Most of Atlanta centers around Earn’s latest attempt at gaining some financial stability–managing the burgeoning rap career of his cousin, Alfred “Paper Boi” Miles (actor Brian Tyree Henry). Paper Boi is the brash image of the Southern rapper. Spends his day getting lifted, trying to push his album out the back of his car trunk, and knows more than a few seedier characters of the city. Yet even he doesn’t fit the bill of what you’d expect. Paper Boi isn’t the hardened persona he puts out on his records. He’s wisely astute about the world around him. And, even without ever getting into Princeton, he has a firmer grasp on real life than Earn–including a much more stable and shrewd approach to his finances.
But it’s Paper Boi’s friend and partner, Darius, that at times steals the show. Darius is played by actor Lakeith Stanfield, who most people know as the brotha in the Sunken Place who gave the worst response to a fist/pound in recorded Black History. We’re never exactly clear on what Darius does (sometimes he’s a driver, or a chef concocting odd recipes) or his exact relationship to Paper Boi. But he brings to Atlanta that surreal and strange magic that knits all these disparate parts and figures together.
Ask Darius the time and he might tell you that time is just relative. If Darius tells you he can find a way to help you make money, know that it’ll entail traveling through a chain of far-flung yet interrelated bartering that would put the Great Material Continuum of the Ferengi to shame. Even Darius’s questionable moments leave you pondering. In the same episode with the “Great River,” Darius rails against the Chinese. Earn points out the absurdity of his racism, and turns to apologize to a young Asian man following behind. Darius chides, “He’s not Chinese.” The guy affirms it, “I’m not Chinese.” Somehow, Darius manages to turn his anti-Chinese rant into a moment that exposes Earn’s own racial short-comings.
Darius is at his best though, when he’s departing bits of wisdom. These things always, always, sound absolutely ridiculous. Like the kind of thing you hear in barber shops from that one bruh who wants to hip you the dangers of chemtrails. Only in Atlanta, it’s Darius who often ends out being vindicated. In one memorable episode, he makes mention of a rapper who has an invisible car. You think it’s a throwaway line that’s just meant to allow Paper Boi to give Darius a “n*gga what?” face. He tells him, “That sh*t ain’t real.” And of course it isn’t. That is, until the very end of the episode, when in a serious moment that sends people fleeing a shooting at a club, what is obviously AN INVISIBLE FRIGGIN’ CAR runs over some pedestrians!
What will probably go down in the Darius Hall-of-Fame tho, is the premiere episode of Season 2, where he relates to Earn the story of Florida Man. It all starts when Earn mentions that his parents are in Florida. Darius warns they’d best watch out for Florida Man. Earn confused, dares to ask. Darius spins a tale of a mysterious character called Florida Man that’s always in the news. He’s thought to be some white, rural, alt-right, deviant and psychopath. You always hear about him, Darius says: Florida Man shoots black teenager in a car listening to music, Florida Man crashes wedding, Florida Man high on drugs eats man’s face. The joke of course, is that Darius’s Florida Man is just the generic term of television newscasters. The commentary on that alone is hilarious. But it’s also a bit dark, because every one of those events did happen. In Florida. Committed by…a Florida Man.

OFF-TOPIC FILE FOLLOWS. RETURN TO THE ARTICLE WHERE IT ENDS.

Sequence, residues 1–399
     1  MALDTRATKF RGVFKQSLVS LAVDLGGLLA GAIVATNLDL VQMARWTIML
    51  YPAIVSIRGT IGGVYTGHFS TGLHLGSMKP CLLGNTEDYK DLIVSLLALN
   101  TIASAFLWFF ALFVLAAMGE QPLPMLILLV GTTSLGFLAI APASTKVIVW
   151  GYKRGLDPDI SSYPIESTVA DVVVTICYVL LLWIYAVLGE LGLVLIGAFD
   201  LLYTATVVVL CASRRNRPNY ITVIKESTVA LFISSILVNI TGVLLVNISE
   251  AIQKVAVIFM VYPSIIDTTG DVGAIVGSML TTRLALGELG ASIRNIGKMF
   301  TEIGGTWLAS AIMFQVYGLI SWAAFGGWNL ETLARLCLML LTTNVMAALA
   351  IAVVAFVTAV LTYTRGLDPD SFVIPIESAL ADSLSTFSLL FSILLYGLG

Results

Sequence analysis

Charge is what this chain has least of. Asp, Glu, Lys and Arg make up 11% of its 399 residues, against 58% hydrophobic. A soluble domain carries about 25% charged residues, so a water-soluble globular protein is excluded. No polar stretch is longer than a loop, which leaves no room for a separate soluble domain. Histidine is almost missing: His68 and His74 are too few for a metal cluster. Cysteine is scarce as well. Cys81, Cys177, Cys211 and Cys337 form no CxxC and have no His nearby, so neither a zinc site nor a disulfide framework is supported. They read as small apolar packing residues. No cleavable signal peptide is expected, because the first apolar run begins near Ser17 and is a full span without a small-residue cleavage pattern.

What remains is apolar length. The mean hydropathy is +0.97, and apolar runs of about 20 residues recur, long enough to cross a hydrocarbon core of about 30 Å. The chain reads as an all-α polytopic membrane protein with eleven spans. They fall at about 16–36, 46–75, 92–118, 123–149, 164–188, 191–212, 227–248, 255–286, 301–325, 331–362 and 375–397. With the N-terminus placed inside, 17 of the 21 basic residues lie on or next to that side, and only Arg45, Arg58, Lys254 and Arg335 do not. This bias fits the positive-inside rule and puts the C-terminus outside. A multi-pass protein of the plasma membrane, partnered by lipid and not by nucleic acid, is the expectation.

A newspaper review of the show last year (I can’t remember the source) called Darius the “always high” or “stoner” friend of Paper Boi. That’s about the whitest and wrongest interpretation of his character ever. Go sit in a corner! Darius isn’t some stoner out of an 80s suburban teens movie. He’s surreal blackness. A mix of conspiracy theories and street wisdom along with a wide intellectual range that we take for granted. Like a 3rd Stage Guild Navigator, his mind moves in strange directions. He sees what we can’t and tries to translate it to us, if we bother to listen. He’s the show’s Ford Prefect, a spaceman or an extra-dimensional being just visiting for the moment.
It’s Darius who weaves the most obvious magic into the show, but bits of surrealism are everywhere. In this Atlanta, transracialism (in a reverse spoof of Rachel Dolezal) appears in a news montage of a black man who earnestly says (and believes) “I’m a 35-year old white man.” Club promoters who don’t want to pay you can vanish at will, through secret passages and hidden revolving doors. Teachers are weirded out by black kids who sit smiling like silent cherubim while wearing white-face. In this Atlanta, there’s a Black Justin Bieber, the Migos are drug dealers who do creepy sh*t out the woods, and strange wise men that look like Fruit of Islam offer sage advice on buses while making a nutella sandwich. There’s even an Alligator Man.
This doesn’t mean Atlanta departs fully from the real world. Never that. You get that reality in abundance, from police who shoot fleeing suspects in the back to that young woman who is tossed out the car after the shootout–a commentary perhaps on innocence caught in the crossfire. Even the ostensibly silly children’s cereal commercials drip with meaning. That’s what makes Atlanta’s surrealism so effective. Everything here feels like it could happen. Like it does happen. Like you’re watching our world, just through a slightly distorted fun house mirror. Or maybe, from the other side.
It’s fitting for our times, where we often look at the news and say, “that sh*t ain”t real.” Then outta nowhere, BAM! We get run over by a damn invisible car.
Season 2 of Atlanta, “Robbing Season,” is on FX every Thursday night.